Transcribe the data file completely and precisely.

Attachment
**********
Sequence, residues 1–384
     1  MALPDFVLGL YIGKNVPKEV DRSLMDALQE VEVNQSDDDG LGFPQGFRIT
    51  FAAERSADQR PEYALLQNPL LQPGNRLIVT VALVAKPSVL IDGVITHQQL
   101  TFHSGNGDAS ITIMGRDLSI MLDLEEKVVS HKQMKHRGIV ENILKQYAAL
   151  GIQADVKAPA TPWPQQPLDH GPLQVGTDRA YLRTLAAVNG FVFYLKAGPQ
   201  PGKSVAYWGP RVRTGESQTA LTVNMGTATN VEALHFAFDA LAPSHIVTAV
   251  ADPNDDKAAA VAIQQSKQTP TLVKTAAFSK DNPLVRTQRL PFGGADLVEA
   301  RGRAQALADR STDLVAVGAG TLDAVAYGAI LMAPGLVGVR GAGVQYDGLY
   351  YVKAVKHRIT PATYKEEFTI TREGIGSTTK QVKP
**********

Sequence, residues 1–384
     1  MALPDFVLGL YIGKNVPKEV DRSLMDALQE VEVNQSDDDG LGFPQGFRIT
    51  FAAERSADQR PEYALLQNPL LQPGNRLIVT VALVAKPSVL IDGVITHQQL
   101  TFHSGNGDAS ITIMGRDLSI MLDLEEKVVS HKQMKHRGIV ENILKQYAAL
   151  GIQADVKAPA TPWPQQPLDH GPLQVGTDRA YLRTLAAVNG FVFYLKAGPQ
   201  PGKSVAYWGP RVRTGESQTA LTVNMGTATN VEALHFAFDA LAPSHIVTAV
   251  ADPNDDKAAA VAIQQSKQTP TLVKTAAFSK DNPLVRTQRL PFGGADLVEA
   301  RGRAQALADR STDLVAVGAG TLDAVAYGAI LMAPGLVGVR GAGVQYDGLY
   351  YVKAVKHRIT PATYKEEFTI TREGIGSTTK QVKP